Monday, May 11, 2009

Should You Make Aliyah to Save Money?

To save money? Isn't it widely agreed that aliyah and Israel are big money pits, and that the best way to make a million dollars in Israel is to come with two? Not anymore, I guess.
In this Hirhurim post, Gil Student writes about the OU's recent initiative to address the growing tuition crisis. And a crisis it is, with skyrocketing costs and dwindling ranks of those able to pay full freight. The OU has a number of interesting suggestions which I don't want to address. But the discussion in the comments brought up the idea of aliyah as a possible solution to the problem.
A commenter named Eli Parosh writes,
There is, of course, a much more simple solution...
Move to Israel. Tuition and health insurance are much, much cheaper. 170 shekel a month for the top family plan health insurance. 13 shekel for medicines at the pharmacy. My $4,000 tution bill for private school for 4 children is quite funny when compared to its US equivalent and level of learning. In fact, I would venture to say that $30,000 a year here goes further than $200,000 in the U.S. (and that does not even include the ruchnius) Perhaps Hashem is forcing the geulah, and the OU is trying to come up with ways to say a dime with energy efficiency, to prevent it. it looks pretty sad...

This led to the following comment:
I want to add that I think that an Orthodox Jew making Aliyah solely for the purpose of solving the tuition crises is BAD. An Orthodox Jew should make Aliyah for a variety of reasons involving being mekayem mitzvat yishuv haaretz, educating one's children in the most full Jewish Torah environment one can live in today, and many many other reasons. (including solving Shmuly Boteach's lack of readily kosher food and restaurants problem that seems plague American Jewry today according to him....) see Rav Aron Lichtenstein's essay in the recent Orthodox Forum book for a good listing and discussion of the spiritual considerations to take into account.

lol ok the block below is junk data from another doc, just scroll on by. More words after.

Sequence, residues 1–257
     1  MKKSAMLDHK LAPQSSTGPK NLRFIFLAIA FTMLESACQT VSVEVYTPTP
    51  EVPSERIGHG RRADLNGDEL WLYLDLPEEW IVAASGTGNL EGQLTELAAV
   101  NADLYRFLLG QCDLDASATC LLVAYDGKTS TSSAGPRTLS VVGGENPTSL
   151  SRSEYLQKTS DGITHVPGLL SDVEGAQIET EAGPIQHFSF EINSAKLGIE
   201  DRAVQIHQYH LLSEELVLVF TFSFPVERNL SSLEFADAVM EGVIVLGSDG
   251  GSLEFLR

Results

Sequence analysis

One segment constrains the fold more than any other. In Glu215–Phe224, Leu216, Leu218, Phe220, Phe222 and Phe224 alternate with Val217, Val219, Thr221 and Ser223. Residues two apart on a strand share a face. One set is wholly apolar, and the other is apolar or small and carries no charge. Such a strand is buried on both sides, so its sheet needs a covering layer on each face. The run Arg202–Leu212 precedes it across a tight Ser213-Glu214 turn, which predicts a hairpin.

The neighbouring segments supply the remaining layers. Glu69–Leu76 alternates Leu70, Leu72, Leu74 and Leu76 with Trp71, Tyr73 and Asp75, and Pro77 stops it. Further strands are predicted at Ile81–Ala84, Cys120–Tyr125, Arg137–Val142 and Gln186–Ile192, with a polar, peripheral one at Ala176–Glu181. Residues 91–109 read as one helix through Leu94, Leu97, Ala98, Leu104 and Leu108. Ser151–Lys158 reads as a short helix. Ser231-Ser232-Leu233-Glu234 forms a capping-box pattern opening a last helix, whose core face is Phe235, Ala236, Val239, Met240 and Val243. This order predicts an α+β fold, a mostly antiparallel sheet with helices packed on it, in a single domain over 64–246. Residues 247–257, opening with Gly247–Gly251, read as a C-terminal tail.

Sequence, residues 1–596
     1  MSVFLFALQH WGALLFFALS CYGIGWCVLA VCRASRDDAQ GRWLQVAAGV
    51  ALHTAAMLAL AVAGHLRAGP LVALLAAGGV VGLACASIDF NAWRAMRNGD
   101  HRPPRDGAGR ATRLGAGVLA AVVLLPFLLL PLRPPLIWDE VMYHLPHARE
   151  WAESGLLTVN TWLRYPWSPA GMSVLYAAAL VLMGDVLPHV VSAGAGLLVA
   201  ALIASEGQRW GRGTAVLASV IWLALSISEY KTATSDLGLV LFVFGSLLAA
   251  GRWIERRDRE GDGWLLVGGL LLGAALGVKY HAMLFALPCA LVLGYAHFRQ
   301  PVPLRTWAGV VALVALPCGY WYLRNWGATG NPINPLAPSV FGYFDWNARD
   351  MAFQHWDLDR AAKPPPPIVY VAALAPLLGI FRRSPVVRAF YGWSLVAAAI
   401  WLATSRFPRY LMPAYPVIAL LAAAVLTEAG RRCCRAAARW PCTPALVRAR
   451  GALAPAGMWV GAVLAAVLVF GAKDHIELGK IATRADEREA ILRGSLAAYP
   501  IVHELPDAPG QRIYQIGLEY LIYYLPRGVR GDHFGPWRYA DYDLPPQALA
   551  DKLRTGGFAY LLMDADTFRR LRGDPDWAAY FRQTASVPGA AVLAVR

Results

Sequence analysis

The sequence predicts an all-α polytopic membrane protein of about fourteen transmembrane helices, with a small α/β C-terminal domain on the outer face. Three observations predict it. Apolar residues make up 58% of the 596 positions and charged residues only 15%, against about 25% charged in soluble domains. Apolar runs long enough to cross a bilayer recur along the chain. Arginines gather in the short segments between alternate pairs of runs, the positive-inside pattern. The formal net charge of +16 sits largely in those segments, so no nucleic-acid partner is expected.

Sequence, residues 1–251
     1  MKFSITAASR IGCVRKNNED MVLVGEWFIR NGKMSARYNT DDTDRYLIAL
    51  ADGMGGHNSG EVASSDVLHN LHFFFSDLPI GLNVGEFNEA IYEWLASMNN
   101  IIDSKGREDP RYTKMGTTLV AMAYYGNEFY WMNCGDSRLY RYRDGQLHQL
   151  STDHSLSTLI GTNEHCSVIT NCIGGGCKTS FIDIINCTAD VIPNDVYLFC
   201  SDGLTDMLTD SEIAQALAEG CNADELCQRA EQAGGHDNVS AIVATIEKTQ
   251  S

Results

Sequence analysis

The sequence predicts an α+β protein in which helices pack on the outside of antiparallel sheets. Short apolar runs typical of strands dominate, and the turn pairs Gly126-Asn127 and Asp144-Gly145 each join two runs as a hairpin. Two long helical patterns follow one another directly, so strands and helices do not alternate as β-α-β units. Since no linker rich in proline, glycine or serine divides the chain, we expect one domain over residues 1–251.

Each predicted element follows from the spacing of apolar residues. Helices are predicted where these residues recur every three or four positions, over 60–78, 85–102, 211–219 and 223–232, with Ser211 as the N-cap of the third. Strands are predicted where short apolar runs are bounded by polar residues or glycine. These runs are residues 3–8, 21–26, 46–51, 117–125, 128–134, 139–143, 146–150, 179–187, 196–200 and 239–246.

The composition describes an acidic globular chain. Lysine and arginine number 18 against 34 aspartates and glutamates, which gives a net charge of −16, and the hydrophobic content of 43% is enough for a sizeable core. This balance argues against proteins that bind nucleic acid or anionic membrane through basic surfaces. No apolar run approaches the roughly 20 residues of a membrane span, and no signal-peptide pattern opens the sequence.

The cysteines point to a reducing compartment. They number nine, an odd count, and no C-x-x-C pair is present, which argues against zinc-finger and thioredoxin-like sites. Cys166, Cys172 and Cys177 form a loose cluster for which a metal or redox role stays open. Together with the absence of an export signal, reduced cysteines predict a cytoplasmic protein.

If solving tuition is the sole raison detre of Aliyah than when the disposable income to tuition costs possibly goes out of whack in Israel people will leave if they haven't absorbed all of the other reasons to live in E"Y.

I really could not disagree more, both practically and ideologically.
From a practical standpoint, making aliyah because of the tuition crisis is really an articulation of values. It means that sending our children to day school is so critical for their well-being, that we're willing to transport ourselves to another country, culture, etc - simply to ensure that they continue to enjoy and benefit from that education. Moreover, for all the challenges and complaints that parents have with schools here, the amazing choice and quality of Jewish education astounds me.
But making aliyah to save money seems like a sound ideological choice as well. A well-known principle in Judaism teaches us that, מתוך שלא לשמה בא לשמה - "out of performance of a commandment not for its own sake, one will come to perform it for its own sake." Put simply, when someone performs a mitzvah for the wrong reason, he will eventually perform that same mitzvah for the right reasons. Of course God would want you to do it for the right reasons. But He'll take what he can get. And if you can't bring yourself to make aliyah out of a Zionistic fervor for the mitzvah of yishuv eretz yisrael, day school tuition will do just fine.
In reality, somehow we've come to think - and allow our children to think as well - that mitzvot have to have meaning and "speak" to us in order to follow them. My wife has discussions all the time with students who tell her that they struggle with some mitzvah or another because they don't "relate" to it, or "get" it. The answer is pretty straightforward: sure, we'd love it if you identified with every mitzvah, and performed each and every one from a position of understanding, love and devotion to God. But that's not realistic. Not every person is going to love every mitzvah. Many are quite hard. They can make life difficult. But that's why we call them mitzvot - commandments. God doesn't ask us to fulfill them if we feel like it and identify with them. He commands us. Our job is to follow His commandments. If we can arrive at the point where we appreciate the beauty of each commandment, all the better. But if not, that in no way absolves us from their observance.
So if you're considering aliyah to save money on your tuition - great! You'll save a boatload of money. Our tuition this past year for three children in grade school and one in nursery was something in the range of 2,000 shekel - $500. (You'll make much less too, but it might just even out in the end.)
But at least you'll be here. And with aliyah, that by far, is the hardest part.